DIARY - 29 AUGUST 2007 - SARA TINDLEY CD REVIEW
TINDLEY - HOMETOWN RIDE
"Might be hanging around/ might be sitting on the courthouse steps/
drinking at the Commercial/ climb through barbed wire fences/ let down
your defences/ and come on back to me." - Paulie's Last Ride -
Tindley lives in beachside bliss outside Ballina but it's her Victorian
hometown Camperdown that dominates her homage to her past on her second
album Lucky The Sun (Vitamin.)
Tindley paints a salient snapshot of her return to her rural roots
in the credible charm of Paulie's Last Ride, now accompanied
by a video clip.
The journey could be interpreted in real time or as a metaphorical
trip down that route to withdraw creative collateral from her memory
The mother of a 10-year-old daughter sets her evocative tale against
the backdrop of the Commercial Hotel - largest of three pubs in the
historic Western Victorian sheep and dairying town on Highway 1.
local landmark - the 1886 courthouse - is now the tourist info HQ and
arts and crafts centre.
But the memories of the song's central character Paulie and ravages of
time on his life and psyche add an extra dimension.
The character, reputedly trapped in narrow constraints of his environs
that lead to his subsequent substance abuse, is the focus of a personalised
social comment parable.
"Country around here has faded/ the land has given up the ghost/
I imagine I can still see the traces/ of the people who loved this place
Tindley's tale, dripping with nostalgia, also features a wry comment on
her current financial circumstances in the tiny town of Meershaum Vale
on the NSW north coast.
It echoes the scene of the rhyme with the common caveat - "like to
tell them that I've made it/ that my life's been one big success/ but
I'm still singing for my supper/ the government's making up the rest."
woman saw a hard man/ believing she could make him change/ he beat her
with no bruising/ stripped her bare to raw hot shame." - Heart
It Was A Desert - Sara Tindley.
Bill Chambers is perfect studio guide - but his success is not as
belated as his client.
Tindley's journey reeks with regret tinged tales such as wanderlust
fuelled Rambling Ways and her collaboration with pianist Will
Grahame on the superb imagery of Rain Falls (with duet partner
The singer's character in the latter, benefiting from the wisdom of
the missing years, chances her heart on a final lunge at love, unencumbered
by the fools' gold of money and pretence.
Her optimism is requited with "a late blooming girl has a place
in the world."
the character doesn't meet her demise in song sequencing and climate change
when Heart It Was A Desert - chronicling the fate of a battered
belle - follows Rain Falls.
The song's two characters embark on a dangerous dalliance, driven by dark
desires, as they head south on a train.
The feisty female believes she can tame her petulant protagonist but those
dreams are derailed by reality - "his heart was a desert/ no love
was going to grow there."
were no childhood sweethearts/ they were no pretty young things/ their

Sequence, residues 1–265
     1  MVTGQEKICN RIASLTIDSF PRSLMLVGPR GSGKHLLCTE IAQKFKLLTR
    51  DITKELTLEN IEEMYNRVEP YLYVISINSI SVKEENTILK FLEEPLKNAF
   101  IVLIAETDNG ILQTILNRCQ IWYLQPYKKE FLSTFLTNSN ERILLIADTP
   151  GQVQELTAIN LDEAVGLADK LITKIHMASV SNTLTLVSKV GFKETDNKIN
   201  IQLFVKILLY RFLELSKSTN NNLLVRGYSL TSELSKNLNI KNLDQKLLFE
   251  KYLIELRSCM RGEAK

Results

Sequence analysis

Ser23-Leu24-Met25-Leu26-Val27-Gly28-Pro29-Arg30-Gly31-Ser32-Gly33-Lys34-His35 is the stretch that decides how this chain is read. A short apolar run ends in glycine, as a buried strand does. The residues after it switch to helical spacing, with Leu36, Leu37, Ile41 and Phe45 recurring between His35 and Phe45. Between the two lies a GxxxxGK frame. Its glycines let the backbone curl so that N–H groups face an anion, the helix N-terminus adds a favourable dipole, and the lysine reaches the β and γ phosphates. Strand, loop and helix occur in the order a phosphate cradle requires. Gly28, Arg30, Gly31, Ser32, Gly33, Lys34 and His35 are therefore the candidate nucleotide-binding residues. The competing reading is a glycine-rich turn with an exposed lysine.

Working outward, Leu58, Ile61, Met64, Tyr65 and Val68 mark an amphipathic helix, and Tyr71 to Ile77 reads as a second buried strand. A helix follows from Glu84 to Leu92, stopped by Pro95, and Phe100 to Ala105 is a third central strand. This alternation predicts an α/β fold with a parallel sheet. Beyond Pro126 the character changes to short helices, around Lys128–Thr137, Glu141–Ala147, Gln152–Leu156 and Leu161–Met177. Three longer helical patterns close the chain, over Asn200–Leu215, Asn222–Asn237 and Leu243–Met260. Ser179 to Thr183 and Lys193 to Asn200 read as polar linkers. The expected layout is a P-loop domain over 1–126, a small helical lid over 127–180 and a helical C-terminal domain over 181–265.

love was pure and dangerous/ sometime since they'd felt clean." -
Dirt Music - Sara Tindley.
sequencing, aided by a vast contrast of desert imagery in Dirt Music,
leads to a more positive finale.
The two characters still dance on the high wire of danger but the female
finds solace in the song's rollicking redemption.
Tindley also uses an Elvis metaphor in Anchor Me where her character
faces danger but finds security of a protector in her wilderness.
That song's lyrics also highlight the album title Lucky The Sun.
Now back to the sequencing - is it intentional or subliminal serendipity?
The singer exudes unbridled passion in her riveting entrée Hot
For You and segues to the romantic abandonment of One And Only.
Then it's the uninhibited dropping of the heart's drawbridge in True
Believer - a song reprised as the hidden track after the equally joyous
finale Love Thing.
Yes, there is a concept album of a difference where art imitates life.
Tindley's musical journey echoes her latter day residential locale - two
decades later she still lives near Highway 1, albeit 1,000 miles north
of her source.
about the music?
Well, debate ignited in Tamworth after a city critic described Tindley
as alt country with an elitist sneer at the mainstream.
Such vitriol is a bonus - it draws attention to a singer whose music
is ignored by the corporate commercial chains that have long gelded
Tindley, like many peers, has an allure that will transcend narrow
definitions of her art and music.
Producer Chambers provides Tindley with the musical beds that ensure
a pure roots country growth - reminiscent more of his protégé
Catherine Britt than daughter Kasey who has chosen a pop path.
adds dobro, slide, lap steel and guitar supported by sensitive studio
serfs - guitarist James Gillard, bassist Jeff McCormack, drummer Mitch
Farmer and pianist and co-writer Will Grahame.
Tindley's success is not that belated - she toured the outback in 1993,
hit Byron Bay in 1994 and landed Staying In The Shack in Sea Change
And, with ABC and community radio exposure, she's ideal for CMC and Nu
Tindley also plans to follow more adventurous peers into the rural and
coastal dance halls and venues - not just suburban skull orchards.
"There's still an audience for me there," Tindley recently told
the Sydney Morning Herald.
"People who like country music in all its forms are really loyal,
they are just there for the music. They don't care whether you're pretty,
fat or skinny. If they like your songs, they'll come to your gigs."
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